Kansas lawmakers have found another way to shortchange communities.
The Kansas Senate recently passed a bill that would phase out the state's mortgage registration fee, even though counties said it would cost them millions. The measure goes to the Kansas House, which should balk on the proposal.
The Kansas Bankers Association and Kansas Realtors Association want to end the fee established in the 1920s as a way to cover mortgage-related costs, and reduce county reliance on property taxes.
But the special-interest groups consider the fees unfair — some farm credit lenders don't charge the fee — and a deterrent to property sales.
Yet there's been no palpable outcry from Kansans seeking mortgages in the many decades of the fee.
The 0.26 percent of the amount borrowed supports the following county government functions, as required by law: efforts to validate mortgages and place liens on properties on behalf of lenders, and the cost of collecting money if a property goes into foreclosure.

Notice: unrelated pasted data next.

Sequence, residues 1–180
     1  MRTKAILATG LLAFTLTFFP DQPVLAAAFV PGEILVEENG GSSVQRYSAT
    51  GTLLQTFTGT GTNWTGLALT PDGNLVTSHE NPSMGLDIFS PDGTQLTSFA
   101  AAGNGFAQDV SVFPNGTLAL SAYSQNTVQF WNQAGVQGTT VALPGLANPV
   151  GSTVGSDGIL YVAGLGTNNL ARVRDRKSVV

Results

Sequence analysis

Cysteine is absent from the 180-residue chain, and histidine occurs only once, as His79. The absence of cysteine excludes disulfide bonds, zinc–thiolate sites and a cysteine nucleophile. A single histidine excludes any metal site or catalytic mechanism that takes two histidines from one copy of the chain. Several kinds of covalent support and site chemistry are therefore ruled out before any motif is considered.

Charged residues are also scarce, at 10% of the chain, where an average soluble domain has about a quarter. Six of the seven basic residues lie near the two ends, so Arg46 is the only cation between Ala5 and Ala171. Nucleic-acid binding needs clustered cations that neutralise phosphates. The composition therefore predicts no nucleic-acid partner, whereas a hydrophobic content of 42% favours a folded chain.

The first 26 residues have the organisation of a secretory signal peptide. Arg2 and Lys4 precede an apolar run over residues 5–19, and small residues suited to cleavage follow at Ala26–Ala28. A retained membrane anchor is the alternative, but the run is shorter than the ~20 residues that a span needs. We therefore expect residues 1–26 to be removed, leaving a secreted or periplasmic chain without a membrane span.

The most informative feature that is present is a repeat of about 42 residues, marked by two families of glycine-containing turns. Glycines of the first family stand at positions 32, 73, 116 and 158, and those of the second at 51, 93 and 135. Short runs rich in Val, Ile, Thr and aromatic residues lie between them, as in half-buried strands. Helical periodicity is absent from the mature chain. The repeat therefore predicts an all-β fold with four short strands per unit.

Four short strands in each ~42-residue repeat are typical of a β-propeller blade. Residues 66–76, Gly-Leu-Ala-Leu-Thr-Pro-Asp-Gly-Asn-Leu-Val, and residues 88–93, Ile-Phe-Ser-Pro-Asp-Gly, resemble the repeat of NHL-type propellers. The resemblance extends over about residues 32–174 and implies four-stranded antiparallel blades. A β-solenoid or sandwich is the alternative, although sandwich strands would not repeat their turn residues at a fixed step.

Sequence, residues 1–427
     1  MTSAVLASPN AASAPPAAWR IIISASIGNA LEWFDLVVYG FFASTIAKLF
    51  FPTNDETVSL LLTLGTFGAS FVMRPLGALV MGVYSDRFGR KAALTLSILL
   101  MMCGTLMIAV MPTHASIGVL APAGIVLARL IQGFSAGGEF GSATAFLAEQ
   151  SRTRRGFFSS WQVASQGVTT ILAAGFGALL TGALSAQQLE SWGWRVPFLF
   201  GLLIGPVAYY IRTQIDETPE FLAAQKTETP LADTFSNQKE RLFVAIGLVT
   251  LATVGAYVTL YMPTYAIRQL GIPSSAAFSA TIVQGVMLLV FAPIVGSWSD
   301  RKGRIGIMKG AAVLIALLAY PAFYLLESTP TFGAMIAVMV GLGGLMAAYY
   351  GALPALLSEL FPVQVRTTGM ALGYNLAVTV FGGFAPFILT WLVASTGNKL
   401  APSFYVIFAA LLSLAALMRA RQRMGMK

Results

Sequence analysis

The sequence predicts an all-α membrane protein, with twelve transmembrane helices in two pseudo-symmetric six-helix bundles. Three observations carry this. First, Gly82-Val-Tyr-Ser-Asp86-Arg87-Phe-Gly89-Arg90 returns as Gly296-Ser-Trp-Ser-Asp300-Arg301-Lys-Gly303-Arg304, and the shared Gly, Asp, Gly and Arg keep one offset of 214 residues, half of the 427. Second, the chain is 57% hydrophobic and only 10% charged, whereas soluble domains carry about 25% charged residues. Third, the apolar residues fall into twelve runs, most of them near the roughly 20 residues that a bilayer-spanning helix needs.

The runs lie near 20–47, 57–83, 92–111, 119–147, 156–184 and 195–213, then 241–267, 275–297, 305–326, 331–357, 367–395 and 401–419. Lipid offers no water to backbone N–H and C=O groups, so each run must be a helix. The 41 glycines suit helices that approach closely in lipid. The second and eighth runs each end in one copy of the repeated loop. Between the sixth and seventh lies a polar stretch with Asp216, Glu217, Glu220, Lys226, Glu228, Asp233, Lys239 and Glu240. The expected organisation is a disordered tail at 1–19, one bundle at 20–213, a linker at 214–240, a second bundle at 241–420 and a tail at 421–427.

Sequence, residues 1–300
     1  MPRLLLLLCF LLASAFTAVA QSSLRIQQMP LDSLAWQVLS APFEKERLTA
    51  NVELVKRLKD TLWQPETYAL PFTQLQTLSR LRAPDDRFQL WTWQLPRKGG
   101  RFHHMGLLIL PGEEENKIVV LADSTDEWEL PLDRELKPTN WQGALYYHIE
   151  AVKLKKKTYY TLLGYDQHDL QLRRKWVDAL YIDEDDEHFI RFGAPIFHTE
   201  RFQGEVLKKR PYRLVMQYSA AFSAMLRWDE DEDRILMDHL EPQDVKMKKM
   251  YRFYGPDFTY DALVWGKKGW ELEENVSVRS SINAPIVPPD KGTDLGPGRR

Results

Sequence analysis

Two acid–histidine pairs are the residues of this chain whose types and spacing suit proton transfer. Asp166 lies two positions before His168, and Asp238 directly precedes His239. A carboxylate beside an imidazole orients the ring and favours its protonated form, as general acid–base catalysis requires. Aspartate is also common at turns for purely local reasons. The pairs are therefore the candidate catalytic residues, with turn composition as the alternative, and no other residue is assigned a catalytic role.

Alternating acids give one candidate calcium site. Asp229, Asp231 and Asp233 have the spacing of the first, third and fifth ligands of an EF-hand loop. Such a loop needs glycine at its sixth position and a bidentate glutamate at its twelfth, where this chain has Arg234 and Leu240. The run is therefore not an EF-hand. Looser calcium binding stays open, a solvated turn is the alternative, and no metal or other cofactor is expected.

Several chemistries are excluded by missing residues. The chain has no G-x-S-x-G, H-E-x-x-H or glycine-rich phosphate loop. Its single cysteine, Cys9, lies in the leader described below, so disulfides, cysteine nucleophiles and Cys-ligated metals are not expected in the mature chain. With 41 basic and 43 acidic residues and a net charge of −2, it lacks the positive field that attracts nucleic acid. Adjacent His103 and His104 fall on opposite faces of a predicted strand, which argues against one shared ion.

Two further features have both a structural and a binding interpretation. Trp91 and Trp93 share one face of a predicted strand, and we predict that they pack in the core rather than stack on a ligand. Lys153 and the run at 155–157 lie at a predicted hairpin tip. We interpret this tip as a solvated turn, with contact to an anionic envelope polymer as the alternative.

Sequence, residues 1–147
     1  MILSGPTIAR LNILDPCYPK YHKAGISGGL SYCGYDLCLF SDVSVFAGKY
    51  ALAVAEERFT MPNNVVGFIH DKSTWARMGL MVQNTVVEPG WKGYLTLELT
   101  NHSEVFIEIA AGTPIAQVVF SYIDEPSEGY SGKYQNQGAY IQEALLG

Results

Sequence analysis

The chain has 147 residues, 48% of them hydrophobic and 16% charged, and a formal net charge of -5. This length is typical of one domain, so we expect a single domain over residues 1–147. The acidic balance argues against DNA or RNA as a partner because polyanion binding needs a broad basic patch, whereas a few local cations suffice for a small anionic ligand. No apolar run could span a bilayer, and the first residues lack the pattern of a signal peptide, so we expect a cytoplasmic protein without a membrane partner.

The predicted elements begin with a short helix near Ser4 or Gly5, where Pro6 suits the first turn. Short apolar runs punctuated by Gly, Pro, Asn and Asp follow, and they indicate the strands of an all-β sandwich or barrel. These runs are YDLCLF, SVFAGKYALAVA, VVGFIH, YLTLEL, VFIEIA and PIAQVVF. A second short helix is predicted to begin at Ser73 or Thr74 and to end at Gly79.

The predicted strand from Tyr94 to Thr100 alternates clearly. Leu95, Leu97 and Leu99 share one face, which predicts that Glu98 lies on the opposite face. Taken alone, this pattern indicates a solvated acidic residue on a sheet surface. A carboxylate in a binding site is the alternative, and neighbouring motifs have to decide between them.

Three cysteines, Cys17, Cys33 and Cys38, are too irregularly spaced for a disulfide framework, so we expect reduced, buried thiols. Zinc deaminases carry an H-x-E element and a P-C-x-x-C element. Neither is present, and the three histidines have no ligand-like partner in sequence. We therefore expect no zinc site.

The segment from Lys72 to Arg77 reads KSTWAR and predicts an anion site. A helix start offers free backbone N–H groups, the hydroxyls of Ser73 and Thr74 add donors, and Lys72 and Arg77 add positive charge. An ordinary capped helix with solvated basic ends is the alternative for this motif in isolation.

Instead of having property buyers fund such mandates through a user fee, all county residents would pay as governments seek higher property taxes or cuts in services to cover lost income.
The magnitude of that toll remains uncertain.
Counties across Kansas reportedly could lose some $47 million a year in revenue, including an estimated financial hit of up to $400,000 annually in Finney County.
Changes to the original proposal could soften the blow a bit.
The mortgage registration fee would be phased out over five years. An increase in filing fees for documents handled by county registers of deeds also was added, but still wouldn't cover the lost income.
While the changes made the proposal a bit more palatable, the bill remains evidence of ultraconservative Republican state lawmakers' growing interest in giving breaks to special-interest groups at a cost to their constituents.
Unfortunately, Sen. Larry Powell, R-Garden City, and Sen. Garrett Love, R-Montezuma, voted for a plan that will penalize the counties they serve.
In doing so, they also failed to see the bill for what it is: a solution looking for a problem, and a surefire way to erase needed property tax relief.